Each year for our Holiday party I prepare an end of year recap and define goals for the upcoming year. I’ve come to learn as an entrepreneur and small business owner that each year is going to have some challenges, but that the successes far outweigh the hardships, and I feel blessed beyond measure. I enjoy celebrating the highs and lows and focusing on what goals will build the business in the next year.
We’re always encouraging and working with our clients to highlight and announce their successes, but don’t often toot our own horn (let’s be honest, it’s always better when someone else does it for you, which is the business of public relations). So I wanted to give a little recap of some of In The Lights’ highlights in 2015.
- We placed more than 250 stories and high level arts event listing inclusions for our clients locally and nationally.
- We grew our services to include creative ticketing and endorsement outreach.
- We entered into the culinary arts and entertainment sectors, bringing on clients outside of our core focus on dance and theater mediums.
- We added 8 new clients to our roster.
- Improved efficiency and policies with the use of various new services and project management tools such as Harvest, Podio and Justworks.
- We were awarded the “Made in NY” Media Employee Training Grant through SBS which will allow us to invest in important professional development training in 2016.
While we are proud of all of the work we do for our clients I want to highlight two client projects of note from 2015.
In The Lights came on board to help launch Jody Arnhold’s film “PS Dance!” two months before the premiere of the film on PBS. We worked with our creative partner Bound Creative to design and develop a website and social media promo graphics. In The Lights worked on brand messaging, social media strategy and implementation, press outreach, and developed the Dance for Every Child Movement to help drive a national conversation around the film. We also handled the red carpet at the premiere. It was a lot to turn around in two months, but also a rewarding challenge that we met with great success. We placed key stories around the launch of the film, placed the film cover on the Times Square boards, built social media handles from 0 to 1000 followers and reach of more than 4,000 within one month, and had more than 200 supporters join the movement. We also drove more than 8,000 views of the trailer of the film through the website and social media efforts, and nearly 7,000 users to psdancenyc.com. The film had over 18,000 viewers on PBS.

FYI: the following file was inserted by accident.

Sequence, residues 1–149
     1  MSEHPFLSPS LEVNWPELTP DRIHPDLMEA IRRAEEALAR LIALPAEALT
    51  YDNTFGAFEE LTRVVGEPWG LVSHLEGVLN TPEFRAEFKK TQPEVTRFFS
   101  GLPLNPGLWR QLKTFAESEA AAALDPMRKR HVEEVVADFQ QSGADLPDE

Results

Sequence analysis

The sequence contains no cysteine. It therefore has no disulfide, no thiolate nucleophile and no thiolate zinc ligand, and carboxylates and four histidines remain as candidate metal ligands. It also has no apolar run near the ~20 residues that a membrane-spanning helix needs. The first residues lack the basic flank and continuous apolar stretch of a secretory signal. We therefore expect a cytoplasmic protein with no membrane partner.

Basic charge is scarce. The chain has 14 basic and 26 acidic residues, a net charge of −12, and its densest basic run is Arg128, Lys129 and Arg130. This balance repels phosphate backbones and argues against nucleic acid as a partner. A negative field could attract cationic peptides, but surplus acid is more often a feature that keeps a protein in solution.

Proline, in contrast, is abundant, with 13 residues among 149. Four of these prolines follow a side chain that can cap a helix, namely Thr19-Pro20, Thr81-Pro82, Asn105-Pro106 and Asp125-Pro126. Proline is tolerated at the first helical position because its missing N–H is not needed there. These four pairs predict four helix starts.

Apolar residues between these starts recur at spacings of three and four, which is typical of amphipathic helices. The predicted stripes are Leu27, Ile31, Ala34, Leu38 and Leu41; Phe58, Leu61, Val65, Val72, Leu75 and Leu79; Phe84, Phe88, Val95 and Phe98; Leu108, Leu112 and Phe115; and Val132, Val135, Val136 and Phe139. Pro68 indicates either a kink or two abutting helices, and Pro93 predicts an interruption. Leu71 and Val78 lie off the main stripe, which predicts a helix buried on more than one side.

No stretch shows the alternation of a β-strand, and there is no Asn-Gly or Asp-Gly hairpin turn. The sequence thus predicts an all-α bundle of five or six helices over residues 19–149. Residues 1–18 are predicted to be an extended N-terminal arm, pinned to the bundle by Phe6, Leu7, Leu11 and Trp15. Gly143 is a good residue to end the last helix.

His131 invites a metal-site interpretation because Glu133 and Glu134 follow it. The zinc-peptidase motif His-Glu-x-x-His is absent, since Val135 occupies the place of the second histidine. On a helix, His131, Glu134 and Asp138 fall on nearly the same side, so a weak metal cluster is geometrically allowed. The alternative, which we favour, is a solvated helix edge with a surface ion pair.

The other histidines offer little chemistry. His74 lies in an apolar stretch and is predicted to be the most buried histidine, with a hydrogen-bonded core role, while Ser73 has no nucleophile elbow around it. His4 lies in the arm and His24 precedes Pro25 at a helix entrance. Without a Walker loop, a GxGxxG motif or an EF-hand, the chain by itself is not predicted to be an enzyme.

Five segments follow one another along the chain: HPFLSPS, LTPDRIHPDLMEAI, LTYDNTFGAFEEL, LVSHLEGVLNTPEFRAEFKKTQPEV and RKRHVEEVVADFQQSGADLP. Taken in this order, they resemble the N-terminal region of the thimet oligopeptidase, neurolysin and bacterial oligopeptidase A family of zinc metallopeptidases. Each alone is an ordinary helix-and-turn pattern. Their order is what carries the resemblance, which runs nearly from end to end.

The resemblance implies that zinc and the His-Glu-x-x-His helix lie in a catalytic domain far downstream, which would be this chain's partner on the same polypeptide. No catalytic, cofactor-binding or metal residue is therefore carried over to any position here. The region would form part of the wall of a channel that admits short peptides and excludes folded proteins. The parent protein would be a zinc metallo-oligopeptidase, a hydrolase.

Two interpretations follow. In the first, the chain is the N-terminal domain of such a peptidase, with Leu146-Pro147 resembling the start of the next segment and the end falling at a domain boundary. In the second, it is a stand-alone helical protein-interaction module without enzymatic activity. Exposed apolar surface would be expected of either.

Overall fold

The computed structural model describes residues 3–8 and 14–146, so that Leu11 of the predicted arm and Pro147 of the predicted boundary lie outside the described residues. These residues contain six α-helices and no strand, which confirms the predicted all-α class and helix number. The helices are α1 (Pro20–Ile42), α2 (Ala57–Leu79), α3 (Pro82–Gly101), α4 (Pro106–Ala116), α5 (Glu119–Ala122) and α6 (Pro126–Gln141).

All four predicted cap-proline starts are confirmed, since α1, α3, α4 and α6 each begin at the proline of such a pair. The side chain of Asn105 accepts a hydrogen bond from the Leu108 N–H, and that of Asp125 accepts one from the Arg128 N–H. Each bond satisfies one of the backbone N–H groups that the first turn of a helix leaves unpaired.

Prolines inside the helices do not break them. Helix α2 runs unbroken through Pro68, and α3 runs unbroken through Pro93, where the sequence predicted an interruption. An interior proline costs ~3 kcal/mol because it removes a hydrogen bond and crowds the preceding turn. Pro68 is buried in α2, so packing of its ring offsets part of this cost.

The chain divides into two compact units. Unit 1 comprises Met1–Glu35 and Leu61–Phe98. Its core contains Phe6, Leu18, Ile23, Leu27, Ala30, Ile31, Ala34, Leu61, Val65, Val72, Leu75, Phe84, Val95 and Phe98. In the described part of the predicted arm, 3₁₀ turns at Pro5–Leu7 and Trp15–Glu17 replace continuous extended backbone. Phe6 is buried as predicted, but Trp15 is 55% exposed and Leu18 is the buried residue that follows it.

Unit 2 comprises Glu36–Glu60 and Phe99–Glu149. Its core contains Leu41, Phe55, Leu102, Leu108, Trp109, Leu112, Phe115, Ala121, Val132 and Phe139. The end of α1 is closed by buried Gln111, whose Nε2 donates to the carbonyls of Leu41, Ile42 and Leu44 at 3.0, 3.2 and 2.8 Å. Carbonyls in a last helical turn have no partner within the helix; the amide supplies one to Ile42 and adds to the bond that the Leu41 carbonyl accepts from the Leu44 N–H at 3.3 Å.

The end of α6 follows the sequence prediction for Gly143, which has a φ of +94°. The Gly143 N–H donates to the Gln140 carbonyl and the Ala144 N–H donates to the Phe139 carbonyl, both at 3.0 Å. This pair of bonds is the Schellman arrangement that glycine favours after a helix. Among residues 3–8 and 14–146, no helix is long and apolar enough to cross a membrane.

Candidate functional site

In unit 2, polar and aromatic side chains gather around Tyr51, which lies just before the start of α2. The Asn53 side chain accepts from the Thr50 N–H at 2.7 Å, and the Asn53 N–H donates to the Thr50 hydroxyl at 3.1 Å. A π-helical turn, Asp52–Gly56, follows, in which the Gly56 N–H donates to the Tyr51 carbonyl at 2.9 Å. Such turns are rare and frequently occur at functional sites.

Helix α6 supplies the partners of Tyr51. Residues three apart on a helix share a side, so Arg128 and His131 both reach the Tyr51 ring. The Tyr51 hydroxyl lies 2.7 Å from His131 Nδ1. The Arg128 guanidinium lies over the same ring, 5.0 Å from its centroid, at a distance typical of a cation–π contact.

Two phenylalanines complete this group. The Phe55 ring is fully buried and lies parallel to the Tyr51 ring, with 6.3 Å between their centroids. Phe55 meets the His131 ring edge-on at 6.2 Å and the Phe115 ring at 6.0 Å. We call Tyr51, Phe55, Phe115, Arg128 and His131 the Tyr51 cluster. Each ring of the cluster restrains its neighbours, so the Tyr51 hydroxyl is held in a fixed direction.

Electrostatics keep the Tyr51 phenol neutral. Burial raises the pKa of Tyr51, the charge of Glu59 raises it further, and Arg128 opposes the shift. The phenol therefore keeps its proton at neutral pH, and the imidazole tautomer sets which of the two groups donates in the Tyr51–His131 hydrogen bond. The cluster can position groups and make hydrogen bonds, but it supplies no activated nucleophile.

We definitely had to work long hours to successfully turn around “PS Dance!” tasks in such a short timeline AND stay on top of other client deliverables. Impossible things are possible with an amazing team.
In The Lights started working with Camille A. Brown in 2013 and has garnered more than 100 stories over that time. We tell clients all the time that communication strategies take a year to start paying off and 2-3 years to really reap the benefits. Camille is a great example of this. In our time working with the company they premiered and toured Mr. TOL E. RAncE to more than a dozen cities, launched the Black Girl Spectrum initiative, and had their first solo run at The Joyce Theater in September 2015 where the company premiered BLACK GIRL: Linguistic Play. Camille was also named a TED Fellow, choreographed a few Off-Broadway shows, and received various grants, awards and nominations. In The Lights supported all of these efforts and saw the focus on PR and strategic communications build momentum across each milestone. We saw the number of press that interacted with our pitches go from a handful to dozens. But most importantly, Camille was in the news consistently, and not 1-2 times a year. Our top three story highlights in 2015 were the Dance Teacher Magazine cover story on Black Girl Spectrum’s inaugural year, Neda Ulaby’s “All Things Considered” NPR story following the company in rehearsal for BLACK GIRL: Linguistic Play, and Camille and Cat Foster’s appearance on Janet Mock’s “So POPular!” on MSNBC.